Why I Regret Taking Vocal Lessons
When I first started learning how to sing, I put my voice in the hands of a number of different vocal coaches and took vocal lessons with some of the top singing teachers that were available at the time. I felt like they had ‘something’ that I simply didn’t possess, or they had discovered a secret that I simply wasn’t privy too – the ability to sing well. Over the course of many years learning how to sing and taking vocal lessons on and off, there was one important point I wish I had realised from day one, and this is the is the reason why I now regret taking vocal lessons.
My approach to vocal lessons was fairly similar to my approach to high school, honestly, it was kind of a lark and I thought that I would just get better at anything simply by taking a class in the subject – I had little understanding that the onus was actually on me to take my voice (and school – sorry Mum!) seriously and take it upon myself to absorb and implement what I was being taught without the attitude that I was an empty cup being filled by attending lessons, instead of the reality that I was an upside-down cup not willing or able to retain anything at all.
While not all of the vocal coaches I attended lessons with were really suited to my voice, and not every approach I tried was designed for how I wanted to sing, I was also very lucky to have a number of voice coaches who saw a small glimmer of hope in my voice and had patience enough to persist and encourage me to take my vocal health seriously. While I didn’t understand much of what was being taught in the classical lessons I took for some time, I realise now this wasn’t the material, but simply my comprehension of the concepts and approach that was being taught that was holding me back as a singer. I’ve now developed my whole approach to singing around the faith and insight these great vocal coaches saw in my voice, along with the practical understanding I’ve gained over almost 20 years of learning to sing while deciphering the more archaic and abstract concepts of singing such as Open Throat and Inhalare La Voce.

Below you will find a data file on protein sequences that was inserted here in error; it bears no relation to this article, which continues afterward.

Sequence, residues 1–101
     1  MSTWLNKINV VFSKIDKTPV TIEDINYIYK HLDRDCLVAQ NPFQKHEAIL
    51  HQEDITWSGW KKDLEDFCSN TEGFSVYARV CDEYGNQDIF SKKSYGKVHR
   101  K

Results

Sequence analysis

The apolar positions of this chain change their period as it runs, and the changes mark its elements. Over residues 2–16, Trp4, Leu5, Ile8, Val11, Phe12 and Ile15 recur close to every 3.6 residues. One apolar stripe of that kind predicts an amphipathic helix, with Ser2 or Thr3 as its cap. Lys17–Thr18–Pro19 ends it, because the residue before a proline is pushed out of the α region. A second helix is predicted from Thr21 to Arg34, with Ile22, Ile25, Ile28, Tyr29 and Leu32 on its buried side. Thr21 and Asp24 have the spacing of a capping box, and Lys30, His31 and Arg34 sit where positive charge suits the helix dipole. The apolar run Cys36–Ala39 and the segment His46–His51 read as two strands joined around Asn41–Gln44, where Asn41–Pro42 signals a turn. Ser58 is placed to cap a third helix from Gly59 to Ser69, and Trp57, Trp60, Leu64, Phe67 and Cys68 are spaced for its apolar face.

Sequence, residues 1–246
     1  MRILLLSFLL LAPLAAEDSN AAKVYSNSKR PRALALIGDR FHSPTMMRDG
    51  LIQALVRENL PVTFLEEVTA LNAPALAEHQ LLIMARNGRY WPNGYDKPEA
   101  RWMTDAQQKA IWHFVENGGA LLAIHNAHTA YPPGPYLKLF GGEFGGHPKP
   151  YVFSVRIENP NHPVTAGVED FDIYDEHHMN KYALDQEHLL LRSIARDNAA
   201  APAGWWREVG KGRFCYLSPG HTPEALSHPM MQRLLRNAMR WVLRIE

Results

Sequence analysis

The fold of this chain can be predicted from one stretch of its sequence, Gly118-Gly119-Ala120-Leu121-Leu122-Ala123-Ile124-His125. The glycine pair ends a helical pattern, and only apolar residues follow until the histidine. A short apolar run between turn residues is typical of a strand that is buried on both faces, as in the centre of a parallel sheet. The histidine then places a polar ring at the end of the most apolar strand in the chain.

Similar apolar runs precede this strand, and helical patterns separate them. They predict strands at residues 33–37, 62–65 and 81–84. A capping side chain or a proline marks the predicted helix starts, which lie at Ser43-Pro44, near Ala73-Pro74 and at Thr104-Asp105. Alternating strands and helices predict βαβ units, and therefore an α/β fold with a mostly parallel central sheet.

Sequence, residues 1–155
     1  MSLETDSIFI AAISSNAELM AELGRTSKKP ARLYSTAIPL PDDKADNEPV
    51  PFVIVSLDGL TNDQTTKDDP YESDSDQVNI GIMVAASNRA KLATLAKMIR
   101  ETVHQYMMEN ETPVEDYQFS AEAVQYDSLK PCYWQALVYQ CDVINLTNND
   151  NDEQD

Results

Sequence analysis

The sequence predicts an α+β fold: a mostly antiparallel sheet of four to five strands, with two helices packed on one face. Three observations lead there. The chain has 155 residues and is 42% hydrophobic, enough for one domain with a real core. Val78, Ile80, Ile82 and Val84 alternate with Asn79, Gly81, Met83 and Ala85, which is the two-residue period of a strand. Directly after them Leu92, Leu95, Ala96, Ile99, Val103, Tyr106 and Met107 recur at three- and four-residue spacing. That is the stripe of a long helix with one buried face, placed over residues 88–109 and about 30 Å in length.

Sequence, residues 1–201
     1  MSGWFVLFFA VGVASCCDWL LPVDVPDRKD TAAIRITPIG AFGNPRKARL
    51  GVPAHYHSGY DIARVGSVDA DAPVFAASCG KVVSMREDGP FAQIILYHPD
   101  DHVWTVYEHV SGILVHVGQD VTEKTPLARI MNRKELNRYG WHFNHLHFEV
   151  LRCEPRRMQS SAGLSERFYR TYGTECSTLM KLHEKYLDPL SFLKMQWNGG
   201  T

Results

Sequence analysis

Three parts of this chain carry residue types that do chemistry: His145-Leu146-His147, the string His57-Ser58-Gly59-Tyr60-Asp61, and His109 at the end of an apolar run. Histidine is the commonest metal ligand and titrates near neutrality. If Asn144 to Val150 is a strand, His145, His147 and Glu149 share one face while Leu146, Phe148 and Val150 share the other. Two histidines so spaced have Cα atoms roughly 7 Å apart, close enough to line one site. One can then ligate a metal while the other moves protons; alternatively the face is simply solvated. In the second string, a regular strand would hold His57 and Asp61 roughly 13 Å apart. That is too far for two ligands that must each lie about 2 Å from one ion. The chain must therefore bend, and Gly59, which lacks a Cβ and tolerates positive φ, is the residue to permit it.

Now some 20 years down the track, I’ve taken alot of the classical approach that I was taught and actually spent time delving into the origin and intention behind techniques like Open Throat, Appoggio and even Vibrato – building my own understanding and approach to these important elements of great singing. I now sometimes wish that I was a beginner starting over again with my newfound understanding of how to learn rather than thinking that someone else, or a course, or a guru out there holds the key to my education and ability to sing.
What I Regret About Taking Singing Lessons
Singing is actually a very easy and intuitive process, but learning HOW to sing can often be a drawn out and confusing experience, not least of all because the way everyone learns is different, and the way that people teach is often very specific rather than catered towards their students. I guess this comes from a desire to teach “What worked for them” rather than what someone else might need.